lec24 - CSE 12 Evaluating Abstract Syntax Trees Creating...

Info iconThis preview shows pages 1–8. Sign up to view the full content.

View Full Document Right Arrow Icon
24 Creating and Evaluating AST's Semantic Rules and BNF Rules The Map ADT and Symbol Tables CSE 12 Evaluating Abstract Syntax Trees
Background image of page 1

Info iconThis preview has intentionally blurred sections. Sign up to view the full version.

View Full DocumentRight Arrow Icon
Abstract syntax trees A parse tree includes all the information in a derivation of a string from the start symbol In a parse tree, the children of a nonterminal symbol node include nodes for all of the symbols in the definition of that nonterminal But this may be more information than is required for some applications of the tree For example: do not need to include nodes for parentheses just used for grouping; information in nodes corresponding to expression operators can be moved into their parent nodes; etc. A parse tree with nonessential information left out is called an Abstract Syntax Tree (AST)
Background image of page 2
A BNF grammar We are using this BNF grammar as an example Nonterminal symbols are enclosed in corner brackets <> Grammar metasymbols are := and | Other symbols are terminal symbols, to be taken literally <A> := <B> | <C> <B> := <ident> = <A> <C> := <C> + <D> | <C> - <D> | <D> <D> := <D> * <M> | <D> / <M> | <M> <M> := <ident> | <const> | (<A>) <ident> := w | x | y | z <const> := 0 | 1 | 2 | 3 | 4
Background image of page 3

Info iconThis preview has intentionally blurred sections. Sign up to view the full version.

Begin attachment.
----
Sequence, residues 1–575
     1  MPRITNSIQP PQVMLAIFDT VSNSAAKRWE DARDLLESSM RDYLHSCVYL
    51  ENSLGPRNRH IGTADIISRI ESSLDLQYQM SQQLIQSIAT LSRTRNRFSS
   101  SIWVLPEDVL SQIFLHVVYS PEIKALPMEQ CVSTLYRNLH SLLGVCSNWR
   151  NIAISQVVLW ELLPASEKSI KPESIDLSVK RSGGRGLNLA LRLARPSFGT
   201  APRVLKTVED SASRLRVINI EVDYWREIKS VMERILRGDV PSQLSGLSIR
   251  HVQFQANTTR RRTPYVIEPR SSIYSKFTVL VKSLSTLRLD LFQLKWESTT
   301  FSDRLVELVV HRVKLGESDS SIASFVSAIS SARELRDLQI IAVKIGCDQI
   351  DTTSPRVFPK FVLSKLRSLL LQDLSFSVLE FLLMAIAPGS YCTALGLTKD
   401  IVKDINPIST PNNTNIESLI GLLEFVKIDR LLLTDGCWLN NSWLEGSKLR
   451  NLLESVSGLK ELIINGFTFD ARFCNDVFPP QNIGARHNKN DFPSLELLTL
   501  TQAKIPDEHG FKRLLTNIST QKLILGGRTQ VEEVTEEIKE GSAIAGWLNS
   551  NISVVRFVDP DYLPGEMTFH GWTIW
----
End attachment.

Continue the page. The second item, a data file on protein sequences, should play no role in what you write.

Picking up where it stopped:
View Full DocumentRight Arrow Icon
Parse tree and AST Parse tree and an AST for the string 1 – ( 2 + 3 ) <A> <C> <D> <C> <D> <M> - + <M> <const> 1 <A> ( ) <C> <C> <D> <D> <M> <const> 2 <M> <const> 3 <A> <C> <D> <C> <D> <M> - + <M> <const> 1 <A> <C> <C> <D> <D> <M> <const> 2 <M> <const> 3
Background image of page 4
Syntactic analysis == building an AST The input to the syntactic analysis phase of an interpreter is a string; the output is an AST So the process of syntactic analysis is the process of constructing an AST There are two main issues to address before implementing syntactic analysis in this way: the design of the AST data structure: what type of objects to use for the nodes, etc. what algorithm to use to build the AST
Background image of page 5

Info iconThis preview has intentionally blurred sections. Sign up to view the full version.

View Full DocumentRight Arrow Icon
AST data structure design issues You know how to implement binary trees. .. ... but AST’s raise some additional issues: In general, a node in an AST can have more than 2 children (depends on how many symbols appear on the right hand side of a rule in the grammar) Intuitively, the nodes of an AST are of somewhat different types. .. a <const> node has a different meaning from a <ident> node, for example At the same time, the nodes of an AST are of similar type: they all correspond to part of an input string at some level of analysis
Background image of page 6
Applying OO design to AST design In an object-oriented approach, you can easily deal with these design issues: Define a separate class corresponding to each different nonterminal symbol in the grammar: nodes in the AST will be instances of these classes lets you make different types of nodes have different
Background image of page 7

Info iconThis preview has intentionally blurred sections. Sign up to view the full version.

View Full DocumentRight Arrow Icon
Image of page 8
This is the end of the preview. Sign up to access the rest of the document.

Page1 / 22

lec24 - CSE 12 Evaluating Abstract Syntax Trees Creating...

This preview shows document pages 1 - 8. Sign up to view the full document.

View Full Document Right Arrow Icon
Ask a homework question - tutors are online